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Fertility doctor brought hope, misery

He called himself "the Babymaker."

"God doesn't give you babies, I do," he allegedly told patients.

And for many infertile couples, Dr. Cecil Jacobson seemed god-like.

Women who had been unable to conceive for years suddenly were diagnosed as pregnant after undergoing injections of fertility drugs in Jacobson's suburban clinic in Vienna, Va. Couples rejoiced and bought baby furniture.

Men with low sperm counts became fathers after Jacobson used their sperm to perform artificial inseminations. Dozens of other couples had children after insemination from Jacobson's supposedly anonymous sperm donors.

Years later, some of Jacobson's patients credit him with making them pregnant when nobody else could. "If it hadn't been for Cecil Jacobson, I wouldn't have a child," said Carol Franda, mother of a 13-year-old son born after other doctors had told her she was infertile.

But Jacobson's treatments brought misery to others. Women suffered mysterious fetal deaths, in some cases several times, under Jacobson's care. Other doctors told them they never had been pregnant at all.

One man who believed his wife had been artificially inseminated with his own sperm recently learned that Jacobson was the biological father of his daughter. And other parents who had benefited from Jacobson's artificial insemination program learned recently, years after their children were born, that the sperm was not from anonymous medical and seminary students, as Jacobson often told them. It was from him.

The government alleges that Jacobson, whose federal trial opened Monday in Alexandria, Va., used his own sperm in up to 75 artificial inseminations, telling couples the sperm was from anonymous donors selected to their specifications. The 53-count fraud and perjury indictment says that Jacobson operated the "bogus donor program" from the late 1970s to the late '80s, obtaining money and property from patients on false and fraudulent pretenses.

The government also charges that Jacobson generated more profits through his "bogus pregnancy" program, luring women to his clinic for injections, pregnancy tests and ultrasound examinations that sometimes cost more than $5,000, even when they were not pregnant.

On Tuesday, one of those women testified at his trial that she was "very excited" when Jacobson told her she was pregnant.

Christine Maimone said she was treated by Jacobson for five months in 1987. She said that without examining her "he said all I needed was some (hormone) shots to get me pregnant."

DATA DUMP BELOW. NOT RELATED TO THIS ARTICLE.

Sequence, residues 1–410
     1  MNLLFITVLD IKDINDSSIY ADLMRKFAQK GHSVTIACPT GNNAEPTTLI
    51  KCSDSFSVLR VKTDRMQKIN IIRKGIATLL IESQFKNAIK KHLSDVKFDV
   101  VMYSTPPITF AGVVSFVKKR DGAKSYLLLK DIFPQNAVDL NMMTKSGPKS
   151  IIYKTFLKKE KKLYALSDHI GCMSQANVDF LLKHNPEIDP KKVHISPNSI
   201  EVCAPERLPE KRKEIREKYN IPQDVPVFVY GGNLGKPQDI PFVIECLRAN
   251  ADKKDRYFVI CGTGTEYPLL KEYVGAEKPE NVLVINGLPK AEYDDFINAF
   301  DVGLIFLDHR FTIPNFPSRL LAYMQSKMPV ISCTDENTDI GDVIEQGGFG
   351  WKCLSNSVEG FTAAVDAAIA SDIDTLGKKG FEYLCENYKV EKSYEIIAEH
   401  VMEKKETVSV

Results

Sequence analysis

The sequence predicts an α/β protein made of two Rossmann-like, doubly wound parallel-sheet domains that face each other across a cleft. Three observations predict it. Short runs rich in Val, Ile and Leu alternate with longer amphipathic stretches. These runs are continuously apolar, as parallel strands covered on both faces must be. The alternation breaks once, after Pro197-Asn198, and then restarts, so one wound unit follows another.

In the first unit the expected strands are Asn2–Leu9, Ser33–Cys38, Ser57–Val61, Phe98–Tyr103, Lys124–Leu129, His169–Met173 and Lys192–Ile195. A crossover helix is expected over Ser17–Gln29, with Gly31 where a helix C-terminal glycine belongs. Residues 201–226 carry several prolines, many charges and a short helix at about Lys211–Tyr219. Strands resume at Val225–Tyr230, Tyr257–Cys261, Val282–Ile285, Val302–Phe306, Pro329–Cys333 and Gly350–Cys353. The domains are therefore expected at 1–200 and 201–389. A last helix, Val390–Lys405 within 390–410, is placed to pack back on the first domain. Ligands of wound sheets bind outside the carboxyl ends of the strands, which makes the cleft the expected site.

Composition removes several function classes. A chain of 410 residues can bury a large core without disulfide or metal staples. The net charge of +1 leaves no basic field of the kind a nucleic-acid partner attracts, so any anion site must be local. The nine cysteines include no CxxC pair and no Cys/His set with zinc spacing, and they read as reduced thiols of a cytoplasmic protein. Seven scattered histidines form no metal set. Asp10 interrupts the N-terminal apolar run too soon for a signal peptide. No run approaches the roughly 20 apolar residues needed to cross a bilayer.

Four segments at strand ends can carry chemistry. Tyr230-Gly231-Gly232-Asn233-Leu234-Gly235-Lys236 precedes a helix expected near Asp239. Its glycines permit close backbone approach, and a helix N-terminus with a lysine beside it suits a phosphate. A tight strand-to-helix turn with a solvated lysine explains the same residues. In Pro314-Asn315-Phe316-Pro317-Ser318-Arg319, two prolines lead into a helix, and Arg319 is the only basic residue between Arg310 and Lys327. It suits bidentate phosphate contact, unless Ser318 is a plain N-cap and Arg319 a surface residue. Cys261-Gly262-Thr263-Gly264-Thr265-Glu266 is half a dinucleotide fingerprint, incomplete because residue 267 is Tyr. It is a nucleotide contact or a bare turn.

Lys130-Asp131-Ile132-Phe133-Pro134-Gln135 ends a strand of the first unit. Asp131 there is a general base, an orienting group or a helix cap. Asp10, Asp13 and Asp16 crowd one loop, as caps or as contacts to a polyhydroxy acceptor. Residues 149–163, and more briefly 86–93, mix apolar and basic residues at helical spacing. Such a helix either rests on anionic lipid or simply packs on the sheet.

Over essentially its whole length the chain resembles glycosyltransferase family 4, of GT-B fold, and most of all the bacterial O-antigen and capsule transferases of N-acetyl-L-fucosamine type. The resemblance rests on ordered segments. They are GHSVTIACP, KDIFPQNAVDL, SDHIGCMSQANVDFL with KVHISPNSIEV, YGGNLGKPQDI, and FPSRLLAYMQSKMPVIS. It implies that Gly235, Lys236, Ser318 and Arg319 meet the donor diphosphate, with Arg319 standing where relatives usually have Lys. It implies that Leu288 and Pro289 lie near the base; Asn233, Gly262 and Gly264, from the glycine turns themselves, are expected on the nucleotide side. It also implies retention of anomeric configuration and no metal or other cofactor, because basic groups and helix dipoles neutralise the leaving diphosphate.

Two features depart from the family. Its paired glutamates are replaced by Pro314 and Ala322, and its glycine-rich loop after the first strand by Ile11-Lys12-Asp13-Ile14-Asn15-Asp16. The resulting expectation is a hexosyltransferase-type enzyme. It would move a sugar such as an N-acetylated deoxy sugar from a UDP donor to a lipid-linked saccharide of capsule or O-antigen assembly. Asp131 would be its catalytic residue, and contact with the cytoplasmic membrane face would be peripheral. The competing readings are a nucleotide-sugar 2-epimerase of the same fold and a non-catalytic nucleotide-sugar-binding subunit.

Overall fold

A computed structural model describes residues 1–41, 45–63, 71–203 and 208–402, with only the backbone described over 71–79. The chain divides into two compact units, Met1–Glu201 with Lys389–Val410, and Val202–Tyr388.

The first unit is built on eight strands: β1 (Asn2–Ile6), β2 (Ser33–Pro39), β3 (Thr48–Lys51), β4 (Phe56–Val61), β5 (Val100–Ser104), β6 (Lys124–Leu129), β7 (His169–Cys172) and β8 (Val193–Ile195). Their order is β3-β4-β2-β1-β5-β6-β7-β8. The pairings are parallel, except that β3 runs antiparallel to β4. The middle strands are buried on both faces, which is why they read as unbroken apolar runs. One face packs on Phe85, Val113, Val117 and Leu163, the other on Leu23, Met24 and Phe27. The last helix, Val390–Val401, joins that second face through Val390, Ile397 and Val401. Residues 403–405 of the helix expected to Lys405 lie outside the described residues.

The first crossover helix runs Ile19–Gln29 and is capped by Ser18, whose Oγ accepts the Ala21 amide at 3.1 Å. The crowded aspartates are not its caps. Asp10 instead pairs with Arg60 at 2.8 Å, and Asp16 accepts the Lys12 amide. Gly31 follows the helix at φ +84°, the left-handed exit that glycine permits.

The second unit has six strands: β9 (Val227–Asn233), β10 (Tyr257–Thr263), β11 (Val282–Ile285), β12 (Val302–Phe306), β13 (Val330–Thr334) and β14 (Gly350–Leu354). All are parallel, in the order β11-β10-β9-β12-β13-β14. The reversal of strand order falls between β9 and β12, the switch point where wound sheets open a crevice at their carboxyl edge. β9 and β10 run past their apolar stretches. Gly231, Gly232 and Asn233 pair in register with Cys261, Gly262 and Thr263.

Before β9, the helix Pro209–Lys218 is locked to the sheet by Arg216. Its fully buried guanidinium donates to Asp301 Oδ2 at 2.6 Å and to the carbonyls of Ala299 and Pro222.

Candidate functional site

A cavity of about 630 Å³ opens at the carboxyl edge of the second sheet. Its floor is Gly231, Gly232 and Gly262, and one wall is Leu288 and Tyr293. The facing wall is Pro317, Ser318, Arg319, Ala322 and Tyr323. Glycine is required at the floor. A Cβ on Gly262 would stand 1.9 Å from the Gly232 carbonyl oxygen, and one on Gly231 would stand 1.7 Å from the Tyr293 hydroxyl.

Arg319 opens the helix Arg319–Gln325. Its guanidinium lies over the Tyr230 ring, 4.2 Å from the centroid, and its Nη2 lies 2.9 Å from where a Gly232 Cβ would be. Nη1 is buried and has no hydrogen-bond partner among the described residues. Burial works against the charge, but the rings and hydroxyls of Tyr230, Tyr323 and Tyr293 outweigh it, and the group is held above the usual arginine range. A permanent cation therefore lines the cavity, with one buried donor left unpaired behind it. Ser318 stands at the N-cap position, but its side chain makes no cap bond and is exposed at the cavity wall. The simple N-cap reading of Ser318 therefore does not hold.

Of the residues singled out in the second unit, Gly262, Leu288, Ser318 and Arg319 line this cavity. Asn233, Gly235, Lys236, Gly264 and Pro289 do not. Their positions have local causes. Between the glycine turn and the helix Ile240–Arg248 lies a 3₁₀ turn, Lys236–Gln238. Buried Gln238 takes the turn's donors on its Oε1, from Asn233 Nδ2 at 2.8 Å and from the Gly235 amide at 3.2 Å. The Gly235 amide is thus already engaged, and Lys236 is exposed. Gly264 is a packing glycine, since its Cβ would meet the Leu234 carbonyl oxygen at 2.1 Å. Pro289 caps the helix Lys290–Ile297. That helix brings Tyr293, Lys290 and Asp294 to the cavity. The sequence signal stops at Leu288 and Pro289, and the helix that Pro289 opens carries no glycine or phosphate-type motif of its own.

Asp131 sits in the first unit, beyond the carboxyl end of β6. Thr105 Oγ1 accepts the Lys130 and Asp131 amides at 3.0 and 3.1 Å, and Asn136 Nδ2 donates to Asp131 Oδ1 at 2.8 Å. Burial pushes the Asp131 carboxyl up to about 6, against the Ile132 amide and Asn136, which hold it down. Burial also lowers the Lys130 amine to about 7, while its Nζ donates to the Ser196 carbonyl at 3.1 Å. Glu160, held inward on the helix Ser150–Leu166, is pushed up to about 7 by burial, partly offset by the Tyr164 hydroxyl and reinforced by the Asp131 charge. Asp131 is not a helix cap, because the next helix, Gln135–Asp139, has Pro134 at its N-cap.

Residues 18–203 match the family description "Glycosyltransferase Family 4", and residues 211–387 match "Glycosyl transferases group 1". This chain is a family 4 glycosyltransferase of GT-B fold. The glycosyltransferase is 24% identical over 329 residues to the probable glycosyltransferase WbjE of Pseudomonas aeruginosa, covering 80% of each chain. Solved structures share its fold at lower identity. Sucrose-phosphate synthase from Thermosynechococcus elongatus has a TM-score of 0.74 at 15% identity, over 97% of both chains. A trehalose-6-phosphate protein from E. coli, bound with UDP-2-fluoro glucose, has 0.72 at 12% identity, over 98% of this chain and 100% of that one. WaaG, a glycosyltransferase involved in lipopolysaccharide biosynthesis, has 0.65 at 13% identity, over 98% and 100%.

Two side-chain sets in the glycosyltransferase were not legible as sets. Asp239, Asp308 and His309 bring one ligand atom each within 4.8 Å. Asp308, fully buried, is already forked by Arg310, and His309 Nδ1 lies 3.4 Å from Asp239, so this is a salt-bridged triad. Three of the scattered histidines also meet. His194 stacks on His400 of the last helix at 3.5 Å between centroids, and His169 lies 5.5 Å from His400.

The doctor did not warn her that the hormone shots could create a false positive result of her pregnancy test, Maimone said under questioning from prosecutor Randy Bellows.

Maimone, who had suffered a previous miscarriage, said that after a month of hormone treatments, Jacobson performed a pregnancy test and said the result was positive.

But Dr. John Doppelheuer, an obstetrician, testified earlier Tuesday that he had examined Maimone later and had found no pregnancy.

He said he also had examined another of Jacobson's patients, Deborah Gregory, and had determined she was not pregnant, although Jacobson had led her to believe she was.

Jacobson had given Gregory hormones that made her bloated and had created a false positive on pregnancy tests, prosecutor Bellows alleged.

Gregory testified Tuesday that Jacobson had lied to her when he convinced her three times that she was pregnant and that the first two had miscarried. "I have not had a child," Gregory sobbed. "And Dr. Jacobson took valuable time and energy away from me that might have allowed me to have a child."

She said she received a $282,021 settlement after filing a suit against Jacobson, but that it did not compensate for her loss.

Other testimony to come during the trial will be that of 11 parents of 15 children, ages 4 to 14, who are proven through blood tests to be Jacobson's offspring.

Jacobson, who has declined to be interviewed, is expected to contend that, while he made missteps in his medical practice, nothing he did was criminal or fraudulent. He since has lost his right to practice medicine following administrative proceedings by the Virginia State Board of Medicine.

He was trained as a geneticist and a general practitioner _ never completing post-graduate training. Nevertheless, he presented himself as an expert in the diagnosis and treatment of infertility.

"Anyone can set up a fertility clinic," said Michael Katz, a Federal Trade Commission investigator. "All you need is a doctor."

Such concerns have prompted calls for regulation of the industry. One congressional proposal would establish a federal program to help states register in-vitro fertilization clinics and publish their success rates.

_ Information from the Associated Press was used in this report.

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